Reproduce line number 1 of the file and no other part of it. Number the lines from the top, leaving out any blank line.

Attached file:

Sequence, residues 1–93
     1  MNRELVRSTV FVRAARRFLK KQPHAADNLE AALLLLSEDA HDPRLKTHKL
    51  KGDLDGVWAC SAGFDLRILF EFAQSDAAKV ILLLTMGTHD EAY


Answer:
Sequence, residues 1–93